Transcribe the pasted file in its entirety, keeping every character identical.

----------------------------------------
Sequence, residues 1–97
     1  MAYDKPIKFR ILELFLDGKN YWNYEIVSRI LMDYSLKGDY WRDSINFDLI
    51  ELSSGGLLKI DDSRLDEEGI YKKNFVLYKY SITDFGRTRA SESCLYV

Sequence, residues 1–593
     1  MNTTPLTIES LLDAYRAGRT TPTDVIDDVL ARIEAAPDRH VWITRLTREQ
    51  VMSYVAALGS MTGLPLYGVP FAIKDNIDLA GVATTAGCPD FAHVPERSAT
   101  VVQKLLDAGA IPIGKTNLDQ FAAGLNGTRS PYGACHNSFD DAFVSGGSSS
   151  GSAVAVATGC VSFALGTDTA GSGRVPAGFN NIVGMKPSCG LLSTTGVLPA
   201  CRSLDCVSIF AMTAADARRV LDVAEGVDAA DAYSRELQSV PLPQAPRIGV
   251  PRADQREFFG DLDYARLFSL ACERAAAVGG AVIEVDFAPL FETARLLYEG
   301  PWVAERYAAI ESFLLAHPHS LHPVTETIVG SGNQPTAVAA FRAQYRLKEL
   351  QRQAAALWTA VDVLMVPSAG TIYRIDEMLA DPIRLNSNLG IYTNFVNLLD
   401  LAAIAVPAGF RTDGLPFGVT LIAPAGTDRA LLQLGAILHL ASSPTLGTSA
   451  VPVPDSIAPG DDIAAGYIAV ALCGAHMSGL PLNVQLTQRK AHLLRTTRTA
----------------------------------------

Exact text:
Sequence, residues 1–97
     1  MAYDKPIKFR ILELFLDGKN YWNYEIVSRI LMDYSLKGDY WRDSINFDLI
    51  ELSSGGLLKI DDSRLDEEGI YKKNFVLYKY SITDFGRTRA SESCLYV

Sequence, residues 1–593
     1  MNTTPLTIES LLDAYRAGRT TPTDVIDDVL ARIEAAPDRH VWITRLTREQ
    51  VMSYVAALGS MTGLPLYGVP FAIKDNIDLA GVATTAGCPD FAHVPERSAT
   101  VVQKLLDAGA IPIGKTNLDQ FAAGLNGTRS PYGACHNSFD DAFVSGGSSS
   151  GSAVAVATGC VSFALGTDTA GSGRVPAGFN NIVGMKPSCG LLSTTGVLPA
   201  CRSLDCVSIF AMTAADARRV LDVAEGVDAA DAYSRELQSV PLPQAPRIGV
   251  PRADQREFFG DLDYARLFSL ACERAAAVGG AVIEVDFAPL FETARLLYEG
   301  PWVAERYAAI ESFLLAHPHS LHPVTETIVG SGNQPTAVAA FRAQYRLKEL
   351  QRQAAALWTA VDVLMVPSAG TIYRIDEMLA DPIRLNSNLG IYTNFVNLLD
   401  LAAIAVPAGF RTDGLPFGVT LIAPAGTDRA LLQLGAILHL ASSPTLGTSA
   451  VPVPDSIAPG DDIAAGYIAV ALCGAHMSGL PLNVQLTQRK AHLLRTTRTA